Last week, the Northborough, Southborough, and Regional school committees were presented three potential versions of next year’s calendar. If one of the alternate options is adopted, it would change how the schools treat three religious holidays.
According to a message from the Superintendent, they will collect feedback from families and educators before a decision is made.
Superintendent Gregory Martineau message in Friday’s weekly update explained:
Before voting on a calendar, I asked the school committees what information they would need to make an informed decision. They asked that I collect input from stakeholders (families and educators) over the next two months to share with them. I want to emphasize that the school committees have not approved a 2023-2024 Student Calendar.
The development of a student calendar requires a tremendous amount of consideration. The following key questions are part of the decision-making process: What factors should leaders consider when deciding whether or not to honor religious observances? How do we balance the needs of students to participate in their religious traditions with laws that require students to attend school a specific number of days a year to get a quality education?
We must be open-minded and flexible in determining how to balance educational, logistical, and cultural objectives in deciding whether or not to close for religious observances.
This year, none of the versions explore changing the vacation schedules. Instead they focus on considering how to handle religious holidays and election days. One alternate calendar option would eliminate the observation of Rosh Hashanah, Yom Kippur, and Good Friday. Another would use them as Professional Development days.
The three draft versions each start on the same day (August 30th for students and the 28th for teachers).
The version that mirrors this year’s calendar would get out on Wednesday, June 12th or later. (As always, one day would be tacked on for each school cancellation.) The other two versions would finish the year two days sooner. (It’s not a big difference, but would make it less likely that storms would push school into the following week.)
The draft calendars being floated are:
- Draft A – Follows the same pattern as this year. Religious holidays remain and professional development days are scheduled on election days.
- Draft B – No religious holidays are observed. Professional development days are scheduled on election days.
- Draft C – Professional development days are scheduled on Yom Kippur and Good Friday. If possible, school facilities will not used for elections to avoid interruptions to the calendar.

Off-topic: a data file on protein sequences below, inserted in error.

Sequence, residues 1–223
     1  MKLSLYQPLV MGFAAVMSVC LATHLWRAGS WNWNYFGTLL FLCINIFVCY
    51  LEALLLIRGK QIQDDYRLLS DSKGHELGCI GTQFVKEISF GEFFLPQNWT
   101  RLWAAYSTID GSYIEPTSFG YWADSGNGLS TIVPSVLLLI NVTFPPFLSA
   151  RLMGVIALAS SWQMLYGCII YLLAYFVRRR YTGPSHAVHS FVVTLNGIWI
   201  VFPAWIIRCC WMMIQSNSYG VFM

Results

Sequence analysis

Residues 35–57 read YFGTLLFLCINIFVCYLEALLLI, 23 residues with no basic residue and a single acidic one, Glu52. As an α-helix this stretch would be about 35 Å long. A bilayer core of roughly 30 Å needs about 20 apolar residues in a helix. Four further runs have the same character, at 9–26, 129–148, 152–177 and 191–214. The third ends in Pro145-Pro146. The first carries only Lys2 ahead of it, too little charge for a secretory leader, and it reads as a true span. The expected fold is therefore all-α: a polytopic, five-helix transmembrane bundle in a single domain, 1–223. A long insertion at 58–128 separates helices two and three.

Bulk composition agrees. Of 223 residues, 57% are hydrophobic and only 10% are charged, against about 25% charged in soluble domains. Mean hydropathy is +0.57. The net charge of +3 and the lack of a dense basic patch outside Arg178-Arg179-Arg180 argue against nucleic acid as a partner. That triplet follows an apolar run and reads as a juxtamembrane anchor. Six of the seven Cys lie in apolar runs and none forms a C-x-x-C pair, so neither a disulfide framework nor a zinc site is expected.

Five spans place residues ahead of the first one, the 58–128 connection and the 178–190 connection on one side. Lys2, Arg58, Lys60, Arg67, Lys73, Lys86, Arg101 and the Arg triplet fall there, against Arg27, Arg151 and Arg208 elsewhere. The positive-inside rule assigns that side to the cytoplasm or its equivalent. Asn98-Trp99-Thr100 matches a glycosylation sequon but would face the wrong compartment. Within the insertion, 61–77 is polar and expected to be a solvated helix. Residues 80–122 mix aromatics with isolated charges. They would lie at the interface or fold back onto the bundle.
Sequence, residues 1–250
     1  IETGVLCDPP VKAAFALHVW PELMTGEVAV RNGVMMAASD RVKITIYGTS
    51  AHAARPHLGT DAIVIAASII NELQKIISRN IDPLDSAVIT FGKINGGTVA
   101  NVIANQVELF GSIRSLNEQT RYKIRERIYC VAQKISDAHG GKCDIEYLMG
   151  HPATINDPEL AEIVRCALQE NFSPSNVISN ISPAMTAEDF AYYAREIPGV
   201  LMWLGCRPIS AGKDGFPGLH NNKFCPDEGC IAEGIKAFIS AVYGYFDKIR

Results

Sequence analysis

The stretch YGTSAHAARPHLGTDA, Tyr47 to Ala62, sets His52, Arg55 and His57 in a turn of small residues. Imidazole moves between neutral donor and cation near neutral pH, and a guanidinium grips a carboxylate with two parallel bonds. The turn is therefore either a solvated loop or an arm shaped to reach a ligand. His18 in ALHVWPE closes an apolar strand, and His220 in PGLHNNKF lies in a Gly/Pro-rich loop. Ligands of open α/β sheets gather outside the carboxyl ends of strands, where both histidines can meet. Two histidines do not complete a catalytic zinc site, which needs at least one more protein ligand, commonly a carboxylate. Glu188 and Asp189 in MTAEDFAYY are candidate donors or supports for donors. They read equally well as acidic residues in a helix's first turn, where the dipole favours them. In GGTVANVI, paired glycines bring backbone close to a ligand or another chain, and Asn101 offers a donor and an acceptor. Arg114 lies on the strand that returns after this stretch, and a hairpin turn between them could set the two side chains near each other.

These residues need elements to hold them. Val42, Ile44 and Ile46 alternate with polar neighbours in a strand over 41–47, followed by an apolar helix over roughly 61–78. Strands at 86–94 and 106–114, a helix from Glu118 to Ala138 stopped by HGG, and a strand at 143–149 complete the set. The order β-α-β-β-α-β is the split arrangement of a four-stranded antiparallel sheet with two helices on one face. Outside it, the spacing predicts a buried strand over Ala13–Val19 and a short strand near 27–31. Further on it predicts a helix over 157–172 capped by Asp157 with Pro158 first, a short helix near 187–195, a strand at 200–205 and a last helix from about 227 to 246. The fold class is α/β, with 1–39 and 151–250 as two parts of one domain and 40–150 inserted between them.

Although the message shares the draft calendars, there is no mention of how the public should/will be asked to provide feedback.
This isn’t the first time the administration has considered calendar changes, including the holiday questions.
Back in 2014, the possibility of eliminating the three religious holiday observances was raised by then-Superintendent Charles Gobron. At the time he pitched that students would be allowed to take those days off for religious observance.
In respect of religion, coaches and teachers would be advised not to hold tests or matches on those dates. He warned that if they didn’t eliminate the Jewish and Christian holidays, growing Muslim and Hindu populations could argue for future inclusion of their holidays.
That proposal was scrapped after there was public outcry about children having to choose between religion and school/sports. In 2017, the topic was raised again by then-Superintendent Christine Johnson. A survey issued that fall provoked a strong reaction from a minority of the community.
Although only about 12% of those surveyed in 2017 year were strongly opposed to a change, that was also the group most passionate about the issue. One committee member observed that nothing in results indicated the majority felt strongly about eliminating the holidays, and no one attended the Combined Committees meeting that fall to advocate for the change. That persuaded the school committees and administration to again drop the issue. (Instead, the committees focused on studying how to handle Professional Development days.)
However, earlier that year, the committees approved a change to the schools’ policy for calendar revisions to make it easier to tackle dropping the religious holidays if they choose to in the future.
Meanwhile, in recent years a different issue has added to the complexity of the calendar – security concerns.
Since voting in Southborough and Northborough takes place in our schools, the district had made major elections Professional Development Days. In June, the committees voted on a revised calendar that kept students out of school this year even on primary and Town election days. (Professional Days are scheduled in November and May this school year. The State Primary on September 6th was a day off.)
Past surveys have also looked at the potential for changing vacation schedules. That’s something not proposed in the outlined drafts this year.